FOR James Downey, World War I is very much a part of his life.

The Riverstone local, who has family connections to the war, has now enacted one of the most poignant moments of WWI when a German soldier unexpectedly began a Christmas truce 100 years ago.

For Mr Downey and his fellow members of the 18th history battalion do a lot of world war enactments for Anzac Day and other special days but this Christmas true has been his most emotional.

“Hundred years after the event and we are still no closer to understanding the Christmas truce in 1914,” Mr Downing, 36, said.

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James Downey and Shaymus Martin share a meal during their Christmas truce re-enactment.

“It began with a brave German soldier climbing out of his trench on Christmas Day 1914 with arms raised and in one hand, he held the small piece of pine tree, a miniature Christmas tree, the true symbol of Christmas.

“Eventually both British and German soldiers would lay down their arms and walk out to meet each other in no mans land.

“Both sides, for a brief period stopped the killing, shelling and madness of war to share wine, bully beef and even sang Christmas carols.

”It has always been something no one can really explain how these two armies that had been killing each other for months were able to come together to celebrate Christmas like old friends, then within a matter of hours, return to the madness of war and killing.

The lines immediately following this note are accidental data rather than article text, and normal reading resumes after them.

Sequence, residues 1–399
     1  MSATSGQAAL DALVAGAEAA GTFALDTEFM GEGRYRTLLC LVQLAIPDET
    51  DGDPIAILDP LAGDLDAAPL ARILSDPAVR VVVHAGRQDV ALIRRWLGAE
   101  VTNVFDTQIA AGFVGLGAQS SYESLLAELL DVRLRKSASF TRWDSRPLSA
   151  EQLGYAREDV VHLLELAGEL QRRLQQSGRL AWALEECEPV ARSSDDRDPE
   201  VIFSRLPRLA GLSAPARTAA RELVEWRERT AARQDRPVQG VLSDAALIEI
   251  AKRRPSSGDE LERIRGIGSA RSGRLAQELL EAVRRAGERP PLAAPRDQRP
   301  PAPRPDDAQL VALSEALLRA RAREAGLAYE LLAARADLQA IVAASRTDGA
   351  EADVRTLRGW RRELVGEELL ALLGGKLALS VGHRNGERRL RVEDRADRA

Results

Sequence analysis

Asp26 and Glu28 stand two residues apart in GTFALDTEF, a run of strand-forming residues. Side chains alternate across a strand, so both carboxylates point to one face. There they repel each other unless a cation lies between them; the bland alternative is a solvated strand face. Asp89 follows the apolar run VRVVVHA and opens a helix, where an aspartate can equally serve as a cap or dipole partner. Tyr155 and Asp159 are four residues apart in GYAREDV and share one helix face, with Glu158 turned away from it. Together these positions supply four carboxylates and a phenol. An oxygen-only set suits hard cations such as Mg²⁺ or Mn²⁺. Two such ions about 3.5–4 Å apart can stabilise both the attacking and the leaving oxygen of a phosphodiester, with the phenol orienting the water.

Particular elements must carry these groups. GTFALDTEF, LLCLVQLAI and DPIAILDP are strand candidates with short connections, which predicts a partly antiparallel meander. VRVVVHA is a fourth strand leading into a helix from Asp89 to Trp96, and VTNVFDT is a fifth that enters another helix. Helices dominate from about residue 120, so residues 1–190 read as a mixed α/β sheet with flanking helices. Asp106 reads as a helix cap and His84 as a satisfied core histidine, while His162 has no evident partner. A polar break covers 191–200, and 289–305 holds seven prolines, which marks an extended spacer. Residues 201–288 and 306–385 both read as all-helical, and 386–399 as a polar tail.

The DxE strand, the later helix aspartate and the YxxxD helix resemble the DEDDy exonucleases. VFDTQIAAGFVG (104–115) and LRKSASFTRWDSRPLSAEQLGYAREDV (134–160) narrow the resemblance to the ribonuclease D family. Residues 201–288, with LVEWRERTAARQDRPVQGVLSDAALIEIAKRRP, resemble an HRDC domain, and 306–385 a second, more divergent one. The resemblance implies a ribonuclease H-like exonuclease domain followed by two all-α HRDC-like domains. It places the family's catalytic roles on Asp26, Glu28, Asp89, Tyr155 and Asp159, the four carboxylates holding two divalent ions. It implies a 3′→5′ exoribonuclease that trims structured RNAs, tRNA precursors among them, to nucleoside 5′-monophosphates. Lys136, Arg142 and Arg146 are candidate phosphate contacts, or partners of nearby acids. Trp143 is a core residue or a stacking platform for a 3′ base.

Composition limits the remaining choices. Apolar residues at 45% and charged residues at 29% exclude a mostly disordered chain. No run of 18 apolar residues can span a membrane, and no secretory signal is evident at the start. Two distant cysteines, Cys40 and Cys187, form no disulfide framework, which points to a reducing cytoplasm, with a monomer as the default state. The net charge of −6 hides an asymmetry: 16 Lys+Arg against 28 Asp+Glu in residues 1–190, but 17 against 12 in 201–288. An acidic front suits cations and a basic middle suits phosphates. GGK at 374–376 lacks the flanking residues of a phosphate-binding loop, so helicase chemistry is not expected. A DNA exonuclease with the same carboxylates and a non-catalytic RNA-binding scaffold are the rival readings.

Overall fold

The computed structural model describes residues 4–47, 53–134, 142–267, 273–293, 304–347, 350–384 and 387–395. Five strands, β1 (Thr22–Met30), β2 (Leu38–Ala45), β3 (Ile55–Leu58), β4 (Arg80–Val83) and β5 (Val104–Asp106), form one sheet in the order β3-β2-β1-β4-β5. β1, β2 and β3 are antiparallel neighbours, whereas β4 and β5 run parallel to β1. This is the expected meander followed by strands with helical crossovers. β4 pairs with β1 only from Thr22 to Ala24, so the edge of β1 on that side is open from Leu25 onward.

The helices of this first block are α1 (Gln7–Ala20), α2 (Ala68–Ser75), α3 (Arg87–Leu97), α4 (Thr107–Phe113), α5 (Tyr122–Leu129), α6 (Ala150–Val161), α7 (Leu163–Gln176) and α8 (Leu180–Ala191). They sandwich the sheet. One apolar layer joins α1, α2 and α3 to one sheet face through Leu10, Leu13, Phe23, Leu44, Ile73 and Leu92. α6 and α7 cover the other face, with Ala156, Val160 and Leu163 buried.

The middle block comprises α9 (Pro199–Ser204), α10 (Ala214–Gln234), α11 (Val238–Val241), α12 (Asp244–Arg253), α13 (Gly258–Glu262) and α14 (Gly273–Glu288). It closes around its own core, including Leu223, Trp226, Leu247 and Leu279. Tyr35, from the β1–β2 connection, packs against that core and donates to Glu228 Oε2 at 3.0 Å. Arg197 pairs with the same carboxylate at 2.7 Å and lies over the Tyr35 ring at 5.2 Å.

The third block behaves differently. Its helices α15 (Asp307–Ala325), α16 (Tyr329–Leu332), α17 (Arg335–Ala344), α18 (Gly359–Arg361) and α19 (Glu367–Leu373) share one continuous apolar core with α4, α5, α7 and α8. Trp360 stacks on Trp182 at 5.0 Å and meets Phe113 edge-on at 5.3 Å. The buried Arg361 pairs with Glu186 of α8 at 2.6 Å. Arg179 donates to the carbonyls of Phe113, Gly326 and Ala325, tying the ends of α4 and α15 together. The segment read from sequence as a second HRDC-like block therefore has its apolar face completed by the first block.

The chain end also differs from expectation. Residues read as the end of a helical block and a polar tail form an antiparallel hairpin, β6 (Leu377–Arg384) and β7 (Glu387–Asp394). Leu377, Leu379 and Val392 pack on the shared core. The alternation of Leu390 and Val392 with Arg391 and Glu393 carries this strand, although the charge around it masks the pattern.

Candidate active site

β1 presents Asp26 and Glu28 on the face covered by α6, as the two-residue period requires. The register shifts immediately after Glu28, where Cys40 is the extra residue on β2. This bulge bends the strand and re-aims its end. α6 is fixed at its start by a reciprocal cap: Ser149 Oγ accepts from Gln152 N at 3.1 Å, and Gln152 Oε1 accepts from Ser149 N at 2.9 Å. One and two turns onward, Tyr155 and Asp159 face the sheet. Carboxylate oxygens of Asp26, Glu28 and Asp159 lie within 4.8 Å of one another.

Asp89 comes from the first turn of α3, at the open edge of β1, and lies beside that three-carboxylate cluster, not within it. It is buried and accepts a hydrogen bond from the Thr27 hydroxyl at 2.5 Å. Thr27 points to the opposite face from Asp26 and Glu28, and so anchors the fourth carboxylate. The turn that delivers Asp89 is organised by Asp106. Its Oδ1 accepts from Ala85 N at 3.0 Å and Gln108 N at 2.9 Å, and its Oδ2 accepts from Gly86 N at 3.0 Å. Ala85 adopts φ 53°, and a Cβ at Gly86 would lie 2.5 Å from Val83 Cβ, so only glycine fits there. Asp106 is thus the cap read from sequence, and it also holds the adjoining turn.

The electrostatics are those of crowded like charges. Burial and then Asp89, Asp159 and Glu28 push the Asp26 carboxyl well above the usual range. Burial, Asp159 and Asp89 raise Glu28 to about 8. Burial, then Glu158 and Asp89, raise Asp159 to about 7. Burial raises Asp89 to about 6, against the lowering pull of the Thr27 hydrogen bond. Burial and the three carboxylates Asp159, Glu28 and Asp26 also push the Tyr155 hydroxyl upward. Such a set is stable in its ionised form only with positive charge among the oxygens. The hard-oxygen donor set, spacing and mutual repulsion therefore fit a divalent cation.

“Very few are not moved by this show of humanity in a time of inhumanity.

“Like the Australians who went over the top at Gallipoli knowing they where not coming back but still went, this event still holds questions that can never be answered or understood, just remembered and embraced.”

Mr Downey, who has had a kidney transplant operation six years ago — his elder brother Matthew providing him the organ — has been president of the group since 2004 when Graham Brissett, who founded it in 1998, left.

He said he annually spend more than $5,000 to organise and attend events.

“I also easily spend around $3000 a year on uniforms, equipment and other group requirements while the number of hours I put into the group is I measurable,” Mr Downey said.

“With the Anzac centenary just around the corner, I am daily dealing with something to do with the group.”

If you like to be a part of this exciting group, contact Mr Downey on 0408 168 671

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James Downey wearing an Allied uniform holds a Christmas tree spring for the truce.

Via: Daily Telegraph Pictures: Peter Kelly

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